Monday, November 22, 2010


Is Paul Krugman being hyperbolic when he writes this about the strong likelihood that Republicans won't compromise on such subjects as the debt, START, and the extension of unemployment benefits? I think what he says is an understatement -- I think I've said this before, but in discussing this, I think we need to start using words like "coup."

... The fact is that one of our two great political parties has made it clear that it has no interest in making America governable, unless it's doing the governing. And that party now controls one house of Congress, which means that the country will not, in fact, be governable without that party's cooperation -- cooperation that won't be forthcoming.

... the G.O.P. isn't interested in helping the economy as long as a Democrat is in the White House.

... everyone knows that these Republicans oppose the [START] treaty, not because of legitimate objections, but simply because it's an Obama administration initiative; if sabotaging the president endangers the nation, so be it.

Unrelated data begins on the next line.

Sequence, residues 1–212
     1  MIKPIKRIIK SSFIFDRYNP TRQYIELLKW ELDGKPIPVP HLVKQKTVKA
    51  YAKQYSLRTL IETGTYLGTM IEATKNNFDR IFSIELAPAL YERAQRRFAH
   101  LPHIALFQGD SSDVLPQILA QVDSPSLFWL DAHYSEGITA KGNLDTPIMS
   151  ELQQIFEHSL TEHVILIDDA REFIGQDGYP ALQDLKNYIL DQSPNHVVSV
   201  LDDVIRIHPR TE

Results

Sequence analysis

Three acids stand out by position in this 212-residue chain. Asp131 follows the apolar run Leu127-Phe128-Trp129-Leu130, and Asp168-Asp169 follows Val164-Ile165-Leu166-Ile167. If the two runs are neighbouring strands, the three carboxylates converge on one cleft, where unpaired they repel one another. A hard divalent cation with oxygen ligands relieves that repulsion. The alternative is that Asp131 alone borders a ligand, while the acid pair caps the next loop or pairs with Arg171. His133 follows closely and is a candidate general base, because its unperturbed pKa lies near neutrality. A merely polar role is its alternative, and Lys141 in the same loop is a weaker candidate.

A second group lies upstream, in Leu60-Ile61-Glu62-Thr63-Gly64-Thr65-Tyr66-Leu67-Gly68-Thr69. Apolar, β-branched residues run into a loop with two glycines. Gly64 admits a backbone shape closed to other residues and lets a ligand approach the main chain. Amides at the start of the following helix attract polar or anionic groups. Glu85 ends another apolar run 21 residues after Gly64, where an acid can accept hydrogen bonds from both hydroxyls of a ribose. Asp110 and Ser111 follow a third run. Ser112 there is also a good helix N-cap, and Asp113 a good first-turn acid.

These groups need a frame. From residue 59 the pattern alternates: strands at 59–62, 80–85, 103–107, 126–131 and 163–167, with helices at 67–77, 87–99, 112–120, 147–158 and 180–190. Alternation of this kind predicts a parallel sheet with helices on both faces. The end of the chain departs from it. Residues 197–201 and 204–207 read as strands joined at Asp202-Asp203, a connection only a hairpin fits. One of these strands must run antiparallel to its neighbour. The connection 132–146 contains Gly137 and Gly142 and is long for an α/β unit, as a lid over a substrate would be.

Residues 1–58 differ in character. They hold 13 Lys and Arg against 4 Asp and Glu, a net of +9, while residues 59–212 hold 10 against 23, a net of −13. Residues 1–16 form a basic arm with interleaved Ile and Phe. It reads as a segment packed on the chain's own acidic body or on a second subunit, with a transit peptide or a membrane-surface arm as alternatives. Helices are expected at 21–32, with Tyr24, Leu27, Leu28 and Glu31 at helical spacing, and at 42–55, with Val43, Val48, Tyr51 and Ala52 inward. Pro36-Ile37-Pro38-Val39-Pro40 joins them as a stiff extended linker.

...My sense is that most Americans still don't understand this reality. They still imagine that when push comes to shove, our politicians will come together to do what's necessary. But that was another country....

Or maybe "coup" is a strong enough word but not the correct word -- as I see it, for 30 years we've had a country that's nominally democratic, but in which presidents are allowed to govern only if they're Republican or forced to defer to Republicans.

Don't think of the Democrats and Republicans as the two major political parties in a democratic system; think of the Republican Party as the U.S. equivalent of, say, the people who really run Pakistan -- the generals and members of the intelligence establishment. Pakistan has elections, but if you're elected, you're still not free to do what that crowd doesn't want you to do. Cross them and you're likely to suffer the consequences.

We don't have literal coups or assassinations (so far), but that seems to be because our authoritarian permanent government doesn't need them, and because maintaining the illusion that we're not a country run by a strongman force strengthens the Republicans in the long run. As Krugman notes (and as Zandar notes), Republicans seem able to run the country this way without attracting any scrutiny from even the most plugged-in observers. Hard to imagine when that will change, if ever.

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